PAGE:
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From Green to Gene Revolution The Environmental Risks of Genetically Engineered Crops

Ricarda A . Steinbrecher

Many interest groups claim that an increasing world population cannot be fed unless genetically engineered crops are grown. Such crops, it is argued, will produce higher and better yields than conventional farming methods and have fewer adverse environmental impacts because the frequency, range and toxicity of weed-killer and pesticide applications will be reduced. Ecological risk assessments are said to indicate that several products can be grown safely on a wide-scale. In fact, genetically engineered plants are likely to increase the use of herbicides and pesticides and to accelerate the evolution of usuperweeds " and "superbugs". Crucially, major environmental risks associated with genetically engineered plants are the unintended transfer to plant relatives of the "transgenes" and the unpredictable effects. Risk assessments are limited and have primarily been based on an outdated understanding of gene behaviour.

Dr Ricarda A. Steinbrecher is a geneticist and coordinator of the Test Tube Harvest Campaign of the Women's Environmental Network, UK.

The Ecologist, Vol. 26, No. 6, November/December 1996

The major application of genetic engineering in agricul­ ture is food crops. Genes believed to determine spe­ cific traits — height, tolerance to frost or drought, and protein or fatty acid composition, for example — are spliced into plants from unrelated organisms, such as animals, other plants, fungi or bacteria, in the belief that the genetically engineered plant wil l exhibit the desired trait.1 For instance, antifreeze protein genes from winter flounder were added to tomatoes to create a fruit that could withstand colder tempera­ tures. Genetic material from chickens and silk moths have been spliced into potatoes to confer resistance to bacterial diseases. Engineered versions of most of the world's major food, fibre and fruit crops have now been produced, including corn, wheat, rice, potato, soyabean, sunflower, oilseed rape, potato, cotton and tomato.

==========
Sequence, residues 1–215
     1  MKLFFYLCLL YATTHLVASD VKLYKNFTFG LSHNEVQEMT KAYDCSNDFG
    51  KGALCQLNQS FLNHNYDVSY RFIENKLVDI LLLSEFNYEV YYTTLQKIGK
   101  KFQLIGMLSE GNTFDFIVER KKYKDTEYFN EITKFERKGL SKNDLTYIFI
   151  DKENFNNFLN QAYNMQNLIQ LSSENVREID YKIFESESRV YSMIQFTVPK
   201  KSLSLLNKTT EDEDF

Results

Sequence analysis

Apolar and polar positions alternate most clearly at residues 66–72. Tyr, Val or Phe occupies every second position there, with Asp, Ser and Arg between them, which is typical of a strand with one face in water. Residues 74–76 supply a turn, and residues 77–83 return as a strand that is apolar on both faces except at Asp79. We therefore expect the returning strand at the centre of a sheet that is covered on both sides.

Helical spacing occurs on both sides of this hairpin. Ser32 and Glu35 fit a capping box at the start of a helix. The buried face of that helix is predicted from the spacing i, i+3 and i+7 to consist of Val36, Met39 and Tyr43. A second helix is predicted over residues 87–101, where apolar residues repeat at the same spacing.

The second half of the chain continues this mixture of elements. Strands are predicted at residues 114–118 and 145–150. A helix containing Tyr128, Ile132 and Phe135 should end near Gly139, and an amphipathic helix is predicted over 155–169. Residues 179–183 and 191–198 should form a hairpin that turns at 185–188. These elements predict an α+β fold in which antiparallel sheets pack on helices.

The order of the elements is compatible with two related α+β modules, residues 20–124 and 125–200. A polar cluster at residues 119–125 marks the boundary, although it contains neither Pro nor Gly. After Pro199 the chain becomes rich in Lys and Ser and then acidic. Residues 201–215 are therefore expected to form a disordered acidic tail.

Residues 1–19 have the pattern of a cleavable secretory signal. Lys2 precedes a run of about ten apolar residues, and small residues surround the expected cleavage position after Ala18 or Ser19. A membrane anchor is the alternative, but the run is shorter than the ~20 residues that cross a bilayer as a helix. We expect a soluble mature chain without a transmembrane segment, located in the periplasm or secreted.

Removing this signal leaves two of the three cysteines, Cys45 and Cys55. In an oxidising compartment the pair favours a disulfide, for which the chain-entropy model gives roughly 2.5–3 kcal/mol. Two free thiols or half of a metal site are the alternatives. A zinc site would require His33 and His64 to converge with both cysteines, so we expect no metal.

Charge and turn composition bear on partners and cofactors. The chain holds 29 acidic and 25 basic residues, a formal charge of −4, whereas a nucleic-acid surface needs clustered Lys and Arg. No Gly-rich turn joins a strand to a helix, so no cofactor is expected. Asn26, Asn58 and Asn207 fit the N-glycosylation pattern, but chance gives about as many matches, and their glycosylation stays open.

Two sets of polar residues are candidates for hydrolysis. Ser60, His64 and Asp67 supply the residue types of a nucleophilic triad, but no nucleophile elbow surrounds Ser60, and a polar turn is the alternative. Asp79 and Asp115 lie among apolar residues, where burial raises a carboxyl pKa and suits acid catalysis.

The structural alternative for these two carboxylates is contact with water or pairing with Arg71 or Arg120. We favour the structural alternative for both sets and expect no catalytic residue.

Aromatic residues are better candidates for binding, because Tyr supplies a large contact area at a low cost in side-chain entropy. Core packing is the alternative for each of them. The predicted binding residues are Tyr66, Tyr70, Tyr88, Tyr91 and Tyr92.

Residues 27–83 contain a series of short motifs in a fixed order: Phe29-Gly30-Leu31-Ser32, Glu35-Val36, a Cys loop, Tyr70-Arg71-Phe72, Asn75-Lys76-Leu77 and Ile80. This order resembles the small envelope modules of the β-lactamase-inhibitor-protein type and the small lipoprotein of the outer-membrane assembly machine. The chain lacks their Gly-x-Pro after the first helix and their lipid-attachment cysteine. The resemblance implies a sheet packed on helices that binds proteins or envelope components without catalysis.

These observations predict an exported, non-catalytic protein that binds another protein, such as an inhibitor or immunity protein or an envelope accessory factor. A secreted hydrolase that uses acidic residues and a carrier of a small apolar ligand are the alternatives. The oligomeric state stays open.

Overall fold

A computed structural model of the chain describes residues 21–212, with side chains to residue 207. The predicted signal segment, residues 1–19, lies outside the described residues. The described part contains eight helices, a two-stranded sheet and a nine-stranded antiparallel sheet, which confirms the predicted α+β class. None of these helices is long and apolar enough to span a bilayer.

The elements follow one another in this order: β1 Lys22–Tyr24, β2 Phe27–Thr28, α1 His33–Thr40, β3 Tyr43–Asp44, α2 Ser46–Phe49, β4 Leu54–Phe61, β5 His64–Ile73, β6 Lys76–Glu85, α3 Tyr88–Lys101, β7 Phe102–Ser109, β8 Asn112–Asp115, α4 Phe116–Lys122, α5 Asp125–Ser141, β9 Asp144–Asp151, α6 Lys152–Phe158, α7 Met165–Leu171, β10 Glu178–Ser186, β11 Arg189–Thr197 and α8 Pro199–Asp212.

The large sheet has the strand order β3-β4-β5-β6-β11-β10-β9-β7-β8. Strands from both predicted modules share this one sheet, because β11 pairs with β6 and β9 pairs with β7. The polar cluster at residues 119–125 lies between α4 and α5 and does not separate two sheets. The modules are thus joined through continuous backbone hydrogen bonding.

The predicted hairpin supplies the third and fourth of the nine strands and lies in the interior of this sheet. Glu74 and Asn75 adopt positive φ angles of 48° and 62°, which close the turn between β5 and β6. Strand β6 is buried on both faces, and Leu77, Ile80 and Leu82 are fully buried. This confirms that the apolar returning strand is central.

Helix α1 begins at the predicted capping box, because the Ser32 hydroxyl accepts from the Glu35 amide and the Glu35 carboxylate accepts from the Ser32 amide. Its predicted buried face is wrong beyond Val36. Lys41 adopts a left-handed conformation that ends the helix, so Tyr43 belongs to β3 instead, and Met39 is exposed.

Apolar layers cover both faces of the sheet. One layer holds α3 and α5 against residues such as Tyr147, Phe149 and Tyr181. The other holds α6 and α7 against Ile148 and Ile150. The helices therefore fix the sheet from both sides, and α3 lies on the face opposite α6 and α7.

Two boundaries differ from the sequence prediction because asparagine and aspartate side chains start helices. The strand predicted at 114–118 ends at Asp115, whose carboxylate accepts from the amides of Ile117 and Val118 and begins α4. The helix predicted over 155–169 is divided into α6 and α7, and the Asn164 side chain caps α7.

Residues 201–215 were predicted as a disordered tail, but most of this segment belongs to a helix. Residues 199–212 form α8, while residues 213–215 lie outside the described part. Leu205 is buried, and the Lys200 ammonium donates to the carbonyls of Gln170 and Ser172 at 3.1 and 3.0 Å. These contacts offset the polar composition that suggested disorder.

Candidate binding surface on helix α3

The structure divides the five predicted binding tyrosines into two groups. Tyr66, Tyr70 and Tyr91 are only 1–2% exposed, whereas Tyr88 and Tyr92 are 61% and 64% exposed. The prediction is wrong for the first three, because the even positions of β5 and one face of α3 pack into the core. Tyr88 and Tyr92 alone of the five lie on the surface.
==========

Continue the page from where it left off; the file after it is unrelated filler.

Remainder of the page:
In the past decade, these genetically engineered organisms have begun to leave the laboratory and enter the wider environment. Hundreds of field tests of genetically engi­ neered crops have been taking place since 1987, mainly in the United States and Britain.

In plant field release trials carried out between 1993-1994 in the 14 OECD countries, herbicide tolerance was the most common genetically engineered trait being tested (36 per cent); insect resistance was a close second at 32 per cent, while tests for virus resistance and quality traits (altered fruit ripening, for example, or increased solid content in fruits and tubers) accounted for 14 per cent each, leaving four per cent to "others" (including disease resistance and male sterility in plants).2

Chemical corporations head the list of those applying to field test genetically engineered crops. Between 1987 and 1993, they constituted 46 per cent of applicants in the United States;3 more than half these chemical company applications came from Monsanto,4 whose patent on the glyphosate-based weed-killer, Roundup, one of the best-selling herbicides worldwide, runs out in the year 2000.5 Seed companies, universities, government departments, food companies and small biotechnology companies account for the rest.6

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